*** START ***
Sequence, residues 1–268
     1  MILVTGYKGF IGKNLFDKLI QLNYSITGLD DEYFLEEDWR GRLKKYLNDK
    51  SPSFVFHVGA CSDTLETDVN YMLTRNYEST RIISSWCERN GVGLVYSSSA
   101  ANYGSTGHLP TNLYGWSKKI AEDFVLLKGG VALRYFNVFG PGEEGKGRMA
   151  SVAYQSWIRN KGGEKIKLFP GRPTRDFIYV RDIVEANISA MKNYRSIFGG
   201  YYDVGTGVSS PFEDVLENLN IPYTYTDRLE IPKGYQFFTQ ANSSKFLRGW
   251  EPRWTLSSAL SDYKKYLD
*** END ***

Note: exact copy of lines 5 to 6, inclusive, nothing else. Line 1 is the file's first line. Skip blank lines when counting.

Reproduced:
   151  SVAYQSWIRN KGGEKIKLFP GRPTRDFIYV RDIVEANISA MKNYRSIFGG
   201  YYDVGTGVSS PFEDVLENLN IPYTYTDRLE IPKGYQFFTQ ANSSKFLRGW